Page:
I decided that I liked Castlemaine much, much better.
Tea was roasted chicken drumsticks, cooked in the electric frypan, outside Bus. I boiled some asparagus for John and sprouts for me.
We watched Australian Survivor, then John watched a film and I read. I went to bed around 11 and slept well. John stayed up till 3am playing WOW.
This morning was much drier. Whilst it still felt damp, there was no rain falling when I got up.
Did the usual morning walk with Couey, through the Gardens.
I drove to the shopping centre and bought some supplies at the excellent IGA supermarket. This was an interesting place, because it had been integrated, in part, behind the façade of an old building. Very well done.
Bought the Saturday papers, then went back to Bus, where I read these for a while, until John was up and breakfasted.
Back into Terios, to go driving again. John wanted to visit Taradale and look at the school there, which was the third school he’d taught at, in the late 1960’s.
Passed through Chewton, which looked interesting, but we didn’t stop.
The whole region is a treasure trove of old buildings of all shapes and sizes, and I could certainly spend a lot more time here.
I was navigating us, and got myself totally disoriented in Malmsbury, somehow. Think it was due to mixing it with the new Calder Highway, which wasn’t on my maps. At a T intersection, told John to turn right, but he reckoned Taradale was up the road to the left. He was correct. I don’t think that where I thought we were, was actually where we were…
The Taradale Primary School was still there, functioning, and in the old building he remembered.
Taradale Primary School
According to a local who John got talking to, the school had been on the verge of closing, but was revitalized by a new Principal and was now flourishing. Good to hear. But the old school house that John had lived in, was no longer there.
Showing the school as it was
I wandered about and took photos while John was talking. It was a very pretty place, in rolling hill and valley country.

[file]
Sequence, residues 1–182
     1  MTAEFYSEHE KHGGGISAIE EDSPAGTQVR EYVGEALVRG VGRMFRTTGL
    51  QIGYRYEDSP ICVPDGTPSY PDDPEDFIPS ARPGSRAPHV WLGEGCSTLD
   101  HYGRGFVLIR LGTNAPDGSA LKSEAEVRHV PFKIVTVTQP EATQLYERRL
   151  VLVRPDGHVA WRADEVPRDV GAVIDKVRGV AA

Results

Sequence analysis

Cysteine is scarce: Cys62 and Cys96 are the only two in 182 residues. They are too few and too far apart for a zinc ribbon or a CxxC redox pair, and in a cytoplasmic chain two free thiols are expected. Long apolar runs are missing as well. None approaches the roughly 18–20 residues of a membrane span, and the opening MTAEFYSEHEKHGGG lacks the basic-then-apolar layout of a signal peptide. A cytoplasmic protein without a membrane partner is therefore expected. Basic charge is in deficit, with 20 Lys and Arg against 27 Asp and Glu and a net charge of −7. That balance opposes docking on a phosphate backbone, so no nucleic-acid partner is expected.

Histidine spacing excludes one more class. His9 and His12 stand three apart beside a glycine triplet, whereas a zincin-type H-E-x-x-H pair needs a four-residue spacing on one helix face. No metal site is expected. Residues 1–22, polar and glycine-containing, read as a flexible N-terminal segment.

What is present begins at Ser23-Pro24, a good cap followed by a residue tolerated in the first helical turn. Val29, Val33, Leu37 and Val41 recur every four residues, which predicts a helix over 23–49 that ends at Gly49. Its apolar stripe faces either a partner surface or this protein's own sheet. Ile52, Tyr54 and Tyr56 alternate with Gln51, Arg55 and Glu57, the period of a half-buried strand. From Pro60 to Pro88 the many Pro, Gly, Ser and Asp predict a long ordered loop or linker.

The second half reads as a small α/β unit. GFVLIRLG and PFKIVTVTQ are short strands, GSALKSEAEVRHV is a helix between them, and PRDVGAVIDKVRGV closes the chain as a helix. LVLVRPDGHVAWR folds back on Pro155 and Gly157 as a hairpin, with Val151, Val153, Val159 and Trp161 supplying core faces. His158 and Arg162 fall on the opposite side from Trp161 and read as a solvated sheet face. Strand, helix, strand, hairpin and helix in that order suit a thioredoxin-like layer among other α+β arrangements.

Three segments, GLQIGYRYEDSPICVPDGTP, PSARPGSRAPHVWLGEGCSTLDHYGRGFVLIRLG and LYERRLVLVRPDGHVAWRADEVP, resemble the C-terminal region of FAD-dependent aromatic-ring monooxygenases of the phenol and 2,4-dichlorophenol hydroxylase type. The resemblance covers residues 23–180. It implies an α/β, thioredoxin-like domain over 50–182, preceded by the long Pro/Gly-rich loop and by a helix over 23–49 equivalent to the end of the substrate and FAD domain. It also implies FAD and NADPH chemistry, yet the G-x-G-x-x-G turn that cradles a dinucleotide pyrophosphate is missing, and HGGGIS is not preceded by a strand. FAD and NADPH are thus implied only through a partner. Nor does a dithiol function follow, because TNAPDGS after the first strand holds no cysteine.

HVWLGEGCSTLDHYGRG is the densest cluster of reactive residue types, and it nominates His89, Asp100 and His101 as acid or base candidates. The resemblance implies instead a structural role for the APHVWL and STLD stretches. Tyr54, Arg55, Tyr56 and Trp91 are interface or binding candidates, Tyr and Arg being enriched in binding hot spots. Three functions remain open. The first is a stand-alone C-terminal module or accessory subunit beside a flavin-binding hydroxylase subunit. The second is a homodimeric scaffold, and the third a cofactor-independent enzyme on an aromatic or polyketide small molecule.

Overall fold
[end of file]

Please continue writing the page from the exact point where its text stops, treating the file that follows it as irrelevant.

Some of the old houses had become weekenders for people from Melbourne. I presumed that, with the Freeway now nearing completion, it would not take long to get here from the city, so maybe some would become full-time residences.
The new Calder Freeway would also have cut right down on traffic through the little towns along the old road route – another drawcard for people from the big smoke.
From the area near the school, the Taradale Railway Viaduct, completed in 1862, was visible along a valley.
…and in the distance…
This was a high and impressive structure, still used by the Melbourne to Bendigo trains – of which we saw one crossing, but I was not quick enough to photograph it. They move fast! In the days of the steam trains, an engine and carriages chugging over the viaduct would have been quite something to see.
Taradale Railway Viaduct
The original stone piers of the structure were strengthened with steel supports, in 1933, because trains had become heavier than when the viaduct was built.
Signs around Taradale provide a wealth of information
We drove down the road that goes under the viaduct and along for a distance.
Viaduct close up
When John had been Principal of the school, he established a plantation of pine trees – to bring in future revenue for the school – out this way somewhere, and he wanted to see if he could find the place. In an area of bushland reserve, we took the unsealed Plantation Track, and followed this for quite some way, as it wound through the bush. There were some slightly boggy sections. It actually felt quite remote.
Couey seemed interested in the bush smells and was actually up and sniffing out of the window. Usually, she lies on the back seat with her head down as close to the floor as she can manage. Would get her whole body down there if she wasn’t restrained by her car harness. She does not like car travel. A wallaby or small kangaroo hopped away from in front of us, but I don’t think she saw it. We stopped in a small clearing, and John gave her a run and threw the ball for her.